Following Priti Patel’s announcement six days ago regarding the government and police forces increasing fines, Twitter exploded, stoked with
The Home Secretary’s statement that fines were increasing to £800 for parties of 15 and more led to the pugnacious Piers Morgan, the government’s chief antagonist, tweeting “Does this mean house parties for 14 people are fine.” Jokes aside, the issue of fines and punitive measures for those breaching Covid-19 regulations have led to polarising debates amongst the home office, police officers and the public surrounding their effectiveness.
As of 8th of January, more than 30,000 fines have been issued for Covid-19 breaches. Whilst nationally crime has dissipated, police forces remain diligent and primed to dispense punishment to rule-breakers. Yet the sharp rise in fines handed out in the November lockdown forebodes that fines will become
an ineffective deterrent to the sorely missed house party during the increased disquiet over Covid-19 in this third lockdown.
U-Turns, a third lockdown, and a sense that nothing has got better in a year has meant a loss of community spirit prevalent in Lockdown no. 1. The old adages of “it will be over by Christmas” and “our country needs you” have been lost as we struggle to find the light at the end of a tunnel on a cold, January day in Durham.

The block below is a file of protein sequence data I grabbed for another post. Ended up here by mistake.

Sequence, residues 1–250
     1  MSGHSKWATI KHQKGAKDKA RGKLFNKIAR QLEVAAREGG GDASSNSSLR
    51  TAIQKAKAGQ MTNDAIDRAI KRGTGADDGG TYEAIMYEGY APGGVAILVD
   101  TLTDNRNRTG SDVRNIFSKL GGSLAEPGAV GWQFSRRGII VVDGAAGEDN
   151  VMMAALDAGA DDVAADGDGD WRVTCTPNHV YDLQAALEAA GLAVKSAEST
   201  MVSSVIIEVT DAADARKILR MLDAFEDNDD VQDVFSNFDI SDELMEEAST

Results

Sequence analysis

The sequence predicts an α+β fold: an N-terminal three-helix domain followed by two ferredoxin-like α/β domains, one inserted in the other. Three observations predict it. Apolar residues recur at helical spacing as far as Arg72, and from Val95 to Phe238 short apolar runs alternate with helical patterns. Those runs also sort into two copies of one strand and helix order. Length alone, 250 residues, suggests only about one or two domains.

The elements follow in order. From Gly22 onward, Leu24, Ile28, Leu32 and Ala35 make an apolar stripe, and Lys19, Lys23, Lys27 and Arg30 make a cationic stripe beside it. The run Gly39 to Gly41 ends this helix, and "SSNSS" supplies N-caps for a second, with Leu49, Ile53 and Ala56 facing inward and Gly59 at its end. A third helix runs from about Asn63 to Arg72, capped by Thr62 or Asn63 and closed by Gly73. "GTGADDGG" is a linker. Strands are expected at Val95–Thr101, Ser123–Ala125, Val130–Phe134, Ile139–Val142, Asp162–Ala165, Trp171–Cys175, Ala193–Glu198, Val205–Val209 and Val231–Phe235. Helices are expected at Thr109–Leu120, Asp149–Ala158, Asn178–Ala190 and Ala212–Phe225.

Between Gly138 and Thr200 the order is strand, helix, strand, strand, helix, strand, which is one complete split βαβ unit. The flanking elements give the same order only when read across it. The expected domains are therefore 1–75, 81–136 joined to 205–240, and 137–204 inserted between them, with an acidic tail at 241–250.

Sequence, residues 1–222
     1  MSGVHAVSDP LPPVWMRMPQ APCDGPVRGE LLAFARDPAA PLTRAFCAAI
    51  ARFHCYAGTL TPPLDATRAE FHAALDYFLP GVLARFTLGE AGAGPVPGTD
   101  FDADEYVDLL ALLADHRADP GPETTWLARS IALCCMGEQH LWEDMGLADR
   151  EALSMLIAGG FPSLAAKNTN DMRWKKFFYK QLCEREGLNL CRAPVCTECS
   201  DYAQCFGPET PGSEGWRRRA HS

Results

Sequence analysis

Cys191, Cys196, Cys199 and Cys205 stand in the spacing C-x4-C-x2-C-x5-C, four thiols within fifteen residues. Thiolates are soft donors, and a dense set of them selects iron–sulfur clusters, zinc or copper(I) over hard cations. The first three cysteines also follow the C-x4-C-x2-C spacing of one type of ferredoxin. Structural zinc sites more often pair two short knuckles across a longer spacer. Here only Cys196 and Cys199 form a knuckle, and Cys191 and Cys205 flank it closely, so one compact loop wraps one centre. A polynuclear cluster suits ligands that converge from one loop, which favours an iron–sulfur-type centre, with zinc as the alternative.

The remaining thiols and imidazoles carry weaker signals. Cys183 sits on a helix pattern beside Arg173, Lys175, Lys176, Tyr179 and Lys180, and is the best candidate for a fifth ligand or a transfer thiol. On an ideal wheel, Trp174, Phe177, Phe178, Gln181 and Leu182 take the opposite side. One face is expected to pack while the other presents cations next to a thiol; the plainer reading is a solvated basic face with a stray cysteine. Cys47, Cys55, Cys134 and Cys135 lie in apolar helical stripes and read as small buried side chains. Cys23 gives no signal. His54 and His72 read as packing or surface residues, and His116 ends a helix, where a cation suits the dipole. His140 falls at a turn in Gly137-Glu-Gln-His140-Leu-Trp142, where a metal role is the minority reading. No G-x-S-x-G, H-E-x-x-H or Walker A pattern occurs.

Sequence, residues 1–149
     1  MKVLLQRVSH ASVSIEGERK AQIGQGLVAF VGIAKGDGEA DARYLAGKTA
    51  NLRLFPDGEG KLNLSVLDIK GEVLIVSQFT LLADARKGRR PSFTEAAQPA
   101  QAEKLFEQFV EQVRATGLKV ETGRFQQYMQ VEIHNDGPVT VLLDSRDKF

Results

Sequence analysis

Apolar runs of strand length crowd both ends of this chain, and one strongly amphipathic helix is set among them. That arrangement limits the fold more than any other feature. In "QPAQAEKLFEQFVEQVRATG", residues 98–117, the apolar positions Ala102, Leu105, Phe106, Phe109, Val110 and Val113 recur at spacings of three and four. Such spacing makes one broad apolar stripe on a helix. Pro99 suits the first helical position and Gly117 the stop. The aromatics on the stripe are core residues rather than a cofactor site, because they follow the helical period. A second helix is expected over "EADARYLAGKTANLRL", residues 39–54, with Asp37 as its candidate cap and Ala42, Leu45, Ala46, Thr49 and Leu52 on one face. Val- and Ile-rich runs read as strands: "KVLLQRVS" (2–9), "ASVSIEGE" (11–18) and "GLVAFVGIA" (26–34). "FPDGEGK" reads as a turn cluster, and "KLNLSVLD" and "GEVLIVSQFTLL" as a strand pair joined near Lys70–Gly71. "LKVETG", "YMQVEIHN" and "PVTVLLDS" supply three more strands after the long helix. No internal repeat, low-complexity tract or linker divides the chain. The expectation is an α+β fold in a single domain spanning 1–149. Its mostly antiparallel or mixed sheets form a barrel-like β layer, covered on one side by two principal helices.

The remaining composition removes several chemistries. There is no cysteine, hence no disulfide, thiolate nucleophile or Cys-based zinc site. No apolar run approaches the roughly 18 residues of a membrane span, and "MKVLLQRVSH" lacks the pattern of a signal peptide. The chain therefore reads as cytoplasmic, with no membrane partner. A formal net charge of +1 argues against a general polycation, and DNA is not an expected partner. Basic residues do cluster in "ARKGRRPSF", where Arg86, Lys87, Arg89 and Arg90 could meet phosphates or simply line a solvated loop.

Trust in government is at an all-time low; yet trust is the government’s most effective policing measure. Professor Anne John, chair of the TAC behavioural insights group and who sits on the UK government scientific pandemic influenza group admitted that “there’s not a
lot of evidence that enforcement works”.
So why are fines ineffective? For one, we simply do not like being told what to do. Enforced compliance results in antagonism. Government’s best
strategy to increase compliance lies in their power of persuasion. Wielding that power would result in getting people to do the right thing, because they wanted to.
Yet, a pathway to rebuilding the public’s confidence in their actions is the first step in effectively deterring gatherings. Fines also only target a range of behaviours. Whilst observable protest to Covid-19 like a teenage house party can be enforced, a refusal to wash hands cannot. Individual disobedience cannot be policed or prevented by fines.
The steep increase of fines from £200 to £800 also raises fears. Harsher strategies can backfire. If deemed unfair and unreasonable this will result in lower levels of compliance. When tax is increased, for instance, the overall amount paid is decreased. Patel cannot keep adding money to each fine before they lose their significance. The fines are in close danger of becoming another empty threat from the government.
Alternatives to punitive measures are by no means less effective. Hancock’s contentious policy of giving a one-off £500 payment to force people to self-isolate could be the government’s realisation that supportive measures are the answer. This policy directly solves the problem of people not isolating due to finances. These measures nip the breaking of rules in the bud rather than merely catching up with rule-breakers.
Therefore, carefulness and consideration surrounding punitive measures is much needed. The Home Office must think twice before using police enforcement as their main strategy to combat Covid-19. For the majority, enforced measures will decrease trust in the government, which is the last thing the country needs.
Government energies are better spent in educating the public about why compliance is necessary, therefore persuading us to think twice about attending that desperately longed for house party.
Image: Policy Exchange via Creative Commons